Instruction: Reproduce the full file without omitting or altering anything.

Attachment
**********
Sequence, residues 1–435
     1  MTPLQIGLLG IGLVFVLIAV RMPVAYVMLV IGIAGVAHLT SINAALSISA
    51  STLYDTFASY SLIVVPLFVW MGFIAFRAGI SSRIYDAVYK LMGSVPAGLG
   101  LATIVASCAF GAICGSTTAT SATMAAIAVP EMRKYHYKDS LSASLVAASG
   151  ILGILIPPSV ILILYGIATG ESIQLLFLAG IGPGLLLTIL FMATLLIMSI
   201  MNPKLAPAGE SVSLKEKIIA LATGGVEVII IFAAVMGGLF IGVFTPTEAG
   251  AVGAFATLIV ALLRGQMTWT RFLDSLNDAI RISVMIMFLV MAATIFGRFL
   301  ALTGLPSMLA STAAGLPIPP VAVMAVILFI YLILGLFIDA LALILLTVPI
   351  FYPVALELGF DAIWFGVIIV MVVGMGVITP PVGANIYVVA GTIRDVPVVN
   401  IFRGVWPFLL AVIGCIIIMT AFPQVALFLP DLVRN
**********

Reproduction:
Sequence, residues 1–435
     1  MTPLQIGLLG IGLVFVLIAV RMPVAYVMLV IGIAGVAHLT SINAALSISA
    51  STLYDTFASY SLIVVPLFVW MGFIAFRAGI SSRIYDAVYK LMGSVPAGLG
   101  LATIVASCAF GAICGSTTAT SATMAAIAVP EMRKYHYKDS LSASLVAASG
   151  ILGILIPPSV ILILYGIATG ESIQLLFLAG IGPGLLLTIL FMATLLIMSI
   201  MNPKLAPAGE SVSLKEKIIA LATGGVEVII IFAAVMGGLF IGVFTPTEAG
   251  AVGAFATLIV ALLRGQMTWT RFLDSLNDAI RISVMIMFLV MAATIFGRFL
   301  ALTGLPSMLA STAAGLPIPP VAVMAVILFI YLILGLFIDA LALILLTVPI
   351  FYPVALELGF DAIWFGVIIV MVVGMGVITP PVGANIYVVA GTIRDVPVVN
   401  IFRGVWPFLL AVIGCIIIMT AFPQVALFLP DLVRN